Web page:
Eli Whitney, born December 8, 1765, was an American inventor known best for his invention of the cotton gin and interchangeable parts, which played major roles in the Industrial Revolution during the 19th century.
He grew up in Westborough, Massachusetts and was the eldest son of his parents Eli Whitney Sr., a wealthy farmer, and Elizabeth Fray.
Whitney lost his mother when he was very young, and began working in his fathers nail manufacturing business during the Revolutionary War at the age of fourteen.
As he got older, Whitney wished to stop working on his father’s farm and, instead, attend college. However, his stepmother refused to let him leave, so Whitney continued his farm duties and gave private tutoring lessons on the side to save up enough money to attend Yale at Leicester Academy.
He enrolled in 1789, graduated in 1792 as a Phi Beta Kappa, and left school intending to go to South Carolina to continue his tutoring. However, Whitney decided to go on to Georgia instead after meeting a widow of a soldier from the Revolutionary War named Ms. Greene. She invited Whitney to visit her plantation, Mulberry Grove, where he met his eventual business partner Phineas Miller.
Over the next five years, Whitney began studying the cotton industry and tried to find a way to speed up the production of such a valuable good. Finally, in 1797, Whitney received a patent for the cotton gin.
The cotton gin was a mechanical device that removed the seeds from the cotton. In prior years, workers had to individually remove seeds from the cotton, which was very intense and time consuming.
Whitney’s invention looked like a small wooden drum with hooks that pulled the cotton fiber through a mesh material. The seeds could not fit through the mesh material, and simply fell out.
This new invention contributed to the economic development of the southern states of the United States, a prime cotton growing area. Plantations could now generate up to 55 pounds of clean cotton a day.
By 1810, nearly 93 million pounds of cotton were being produced annually, compared to 500,000 pounds 15 years prior. Cotton was good because it could be stored for long periods and shipped long distances, unlike tobacco or other products. It became the U.S.'s chief export, representing over half the value of U.S. exports from 1820 to 1860.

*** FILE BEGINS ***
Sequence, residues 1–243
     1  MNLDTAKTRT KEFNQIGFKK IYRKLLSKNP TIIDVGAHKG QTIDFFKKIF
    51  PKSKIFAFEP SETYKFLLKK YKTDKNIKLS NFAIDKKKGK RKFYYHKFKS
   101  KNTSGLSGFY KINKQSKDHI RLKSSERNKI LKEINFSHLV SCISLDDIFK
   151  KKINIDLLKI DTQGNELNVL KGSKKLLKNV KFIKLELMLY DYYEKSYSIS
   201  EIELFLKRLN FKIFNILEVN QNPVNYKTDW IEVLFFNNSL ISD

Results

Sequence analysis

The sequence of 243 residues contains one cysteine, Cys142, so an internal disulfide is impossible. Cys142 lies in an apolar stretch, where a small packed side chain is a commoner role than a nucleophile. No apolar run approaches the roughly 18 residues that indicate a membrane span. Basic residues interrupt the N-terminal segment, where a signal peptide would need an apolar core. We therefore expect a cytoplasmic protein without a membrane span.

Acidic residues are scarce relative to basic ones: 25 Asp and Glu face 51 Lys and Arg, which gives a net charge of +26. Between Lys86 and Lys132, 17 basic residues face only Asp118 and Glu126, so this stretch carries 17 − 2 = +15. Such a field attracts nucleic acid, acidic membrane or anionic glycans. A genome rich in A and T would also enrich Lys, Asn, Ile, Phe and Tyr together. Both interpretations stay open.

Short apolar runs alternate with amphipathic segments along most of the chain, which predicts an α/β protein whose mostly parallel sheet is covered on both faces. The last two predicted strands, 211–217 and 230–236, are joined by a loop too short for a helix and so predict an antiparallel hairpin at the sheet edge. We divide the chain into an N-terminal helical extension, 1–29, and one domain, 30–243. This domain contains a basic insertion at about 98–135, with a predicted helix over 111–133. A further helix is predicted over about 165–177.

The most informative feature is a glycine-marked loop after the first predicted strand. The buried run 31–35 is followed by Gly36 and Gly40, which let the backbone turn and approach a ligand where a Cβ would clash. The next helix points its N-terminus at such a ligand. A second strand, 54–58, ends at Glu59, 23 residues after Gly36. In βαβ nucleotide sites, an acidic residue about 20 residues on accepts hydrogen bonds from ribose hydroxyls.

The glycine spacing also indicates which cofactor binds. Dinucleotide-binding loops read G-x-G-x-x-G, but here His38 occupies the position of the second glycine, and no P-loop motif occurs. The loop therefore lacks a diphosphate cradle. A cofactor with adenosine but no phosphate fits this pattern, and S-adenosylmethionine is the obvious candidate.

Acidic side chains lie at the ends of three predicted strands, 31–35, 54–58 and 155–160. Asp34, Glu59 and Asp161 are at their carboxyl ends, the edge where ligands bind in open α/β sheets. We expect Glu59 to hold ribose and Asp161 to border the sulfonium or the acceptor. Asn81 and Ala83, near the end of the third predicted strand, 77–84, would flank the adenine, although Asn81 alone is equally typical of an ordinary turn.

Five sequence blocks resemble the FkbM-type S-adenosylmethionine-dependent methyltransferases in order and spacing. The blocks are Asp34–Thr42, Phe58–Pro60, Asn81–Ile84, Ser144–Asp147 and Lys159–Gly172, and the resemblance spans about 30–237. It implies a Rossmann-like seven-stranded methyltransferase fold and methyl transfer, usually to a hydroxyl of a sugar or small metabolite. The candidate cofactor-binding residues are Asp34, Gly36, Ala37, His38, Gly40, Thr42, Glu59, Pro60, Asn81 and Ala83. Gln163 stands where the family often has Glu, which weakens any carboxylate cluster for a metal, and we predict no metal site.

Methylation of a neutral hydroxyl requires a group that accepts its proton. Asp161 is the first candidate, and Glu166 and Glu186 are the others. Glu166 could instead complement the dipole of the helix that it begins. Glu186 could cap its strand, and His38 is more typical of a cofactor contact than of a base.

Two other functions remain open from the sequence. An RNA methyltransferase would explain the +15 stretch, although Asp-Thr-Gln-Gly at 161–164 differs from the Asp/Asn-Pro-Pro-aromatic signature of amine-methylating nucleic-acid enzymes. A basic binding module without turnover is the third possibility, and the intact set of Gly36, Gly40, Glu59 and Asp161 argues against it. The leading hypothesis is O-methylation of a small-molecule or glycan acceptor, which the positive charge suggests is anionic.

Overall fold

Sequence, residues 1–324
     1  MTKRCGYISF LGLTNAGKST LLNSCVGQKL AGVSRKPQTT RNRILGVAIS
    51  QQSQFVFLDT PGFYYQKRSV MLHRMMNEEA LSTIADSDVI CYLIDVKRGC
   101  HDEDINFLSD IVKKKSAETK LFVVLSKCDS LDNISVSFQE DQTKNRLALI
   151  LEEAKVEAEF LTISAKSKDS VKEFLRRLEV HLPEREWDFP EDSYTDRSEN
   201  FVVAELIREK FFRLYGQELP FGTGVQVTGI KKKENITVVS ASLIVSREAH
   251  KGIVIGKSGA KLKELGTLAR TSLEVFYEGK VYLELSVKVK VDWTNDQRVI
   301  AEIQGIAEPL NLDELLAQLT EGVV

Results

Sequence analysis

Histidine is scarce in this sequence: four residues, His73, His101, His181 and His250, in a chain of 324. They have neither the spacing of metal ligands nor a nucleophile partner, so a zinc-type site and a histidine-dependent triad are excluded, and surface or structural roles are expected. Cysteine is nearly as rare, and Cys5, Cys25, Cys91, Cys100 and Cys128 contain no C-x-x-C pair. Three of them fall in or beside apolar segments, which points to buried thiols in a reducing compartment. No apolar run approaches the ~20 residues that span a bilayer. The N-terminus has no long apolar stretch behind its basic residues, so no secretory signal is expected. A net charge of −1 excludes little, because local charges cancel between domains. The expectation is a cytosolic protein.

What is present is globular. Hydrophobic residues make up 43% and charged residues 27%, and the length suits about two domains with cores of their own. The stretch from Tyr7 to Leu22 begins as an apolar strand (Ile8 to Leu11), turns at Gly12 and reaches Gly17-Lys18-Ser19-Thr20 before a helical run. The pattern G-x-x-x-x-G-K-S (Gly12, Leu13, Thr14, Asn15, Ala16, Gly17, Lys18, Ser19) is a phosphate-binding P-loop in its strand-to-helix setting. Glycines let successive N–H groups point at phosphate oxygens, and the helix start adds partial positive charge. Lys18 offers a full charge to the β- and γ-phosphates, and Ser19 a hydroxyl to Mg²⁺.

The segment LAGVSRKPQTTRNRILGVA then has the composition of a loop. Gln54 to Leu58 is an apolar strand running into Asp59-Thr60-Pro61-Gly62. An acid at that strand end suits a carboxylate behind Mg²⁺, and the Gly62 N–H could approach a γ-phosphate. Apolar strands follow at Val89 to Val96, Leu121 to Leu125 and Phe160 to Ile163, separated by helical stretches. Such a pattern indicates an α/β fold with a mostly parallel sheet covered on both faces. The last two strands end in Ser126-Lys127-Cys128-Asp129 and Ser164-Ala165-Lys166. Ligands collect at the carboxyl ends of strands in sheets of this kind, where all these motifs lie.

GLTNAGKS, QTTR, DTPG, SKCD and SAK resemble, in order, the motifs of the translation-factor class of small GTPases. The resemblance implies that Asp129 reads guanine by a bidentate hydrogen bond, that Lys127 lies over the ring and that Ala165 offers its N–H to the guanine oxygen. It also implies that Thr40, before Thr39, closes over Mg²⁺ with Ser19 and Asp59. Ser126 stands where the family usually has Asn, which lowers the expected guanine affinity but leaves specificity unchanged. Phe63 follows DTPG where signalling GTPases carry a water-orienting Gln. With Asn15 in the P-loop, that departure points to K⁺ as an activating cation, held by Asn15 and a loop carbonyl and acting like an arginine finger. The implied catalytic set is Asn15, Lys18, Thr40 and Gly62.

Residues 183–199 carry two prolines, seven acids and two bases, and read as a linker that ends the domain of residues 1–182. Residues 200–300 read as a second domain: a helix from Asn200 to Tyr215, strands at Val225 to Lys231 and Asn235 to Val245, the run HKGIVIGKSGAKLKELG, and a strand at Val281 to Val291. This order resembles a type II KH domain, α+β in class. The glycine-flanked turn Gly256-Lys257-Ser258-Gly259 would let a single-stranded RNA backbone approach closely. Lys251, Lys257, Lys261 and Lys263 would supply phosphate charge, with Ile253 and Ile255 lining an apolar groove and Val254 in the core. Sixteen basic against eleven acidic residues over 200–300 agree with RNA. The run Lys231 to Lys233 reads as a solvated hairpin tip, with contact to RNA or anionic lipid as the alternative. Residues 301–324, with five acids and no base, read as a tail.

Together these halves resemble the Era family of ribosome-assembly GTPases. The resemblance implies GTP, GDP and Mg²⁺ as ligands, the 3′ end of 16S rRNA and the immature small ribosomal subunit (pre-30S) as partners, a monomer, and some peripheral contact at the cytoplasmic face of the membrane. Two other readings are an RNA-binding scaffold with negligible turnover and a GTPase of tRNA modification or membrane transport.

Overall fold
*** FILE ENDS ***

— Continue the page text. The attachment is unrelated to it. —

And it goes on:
Although Whitney’s invention did not make him rich, it did, however, make him extremely famous. Many believe the cotton gin was a prime reason for the start of the Civil War in the mid 19th century, as it brought about an even larger demand for slaves on plantations.
Before Whitney’s invention, slavery in the southern United States had been on the decline. Plantation owners often gave away their slaves since tobacco, rice, and indigo were no longer in high demand. Once the cotton gin was invented, an economic boom occurred and slaves were being shipped in from all over the world to help speed up cotton production.
Whitney soon began to realize how important social and political connections had on his business, taking full advantage of Yale alumni.
In 1817, Whitney married Henrietta Edwards, granddaughter of the famed evangelical Jonathon Edwards, daughter of Pierpont Edwards, head of the Democratic Party in Connecticut, and first cousin of Yale's president Timothy Dwight, the state's leading Federalist. The connections to his wife helped further tie him to Connecticut's upper class and ruling elite. Such connections were an essential part of his success.
However, eight years after marriage, Whitney died from prostate cancer on January 8, 1825, shortly after celebrating his 59th birthday. Before his death, Whitney had invented several devices to help ease his pain. He left behind his wife and four children.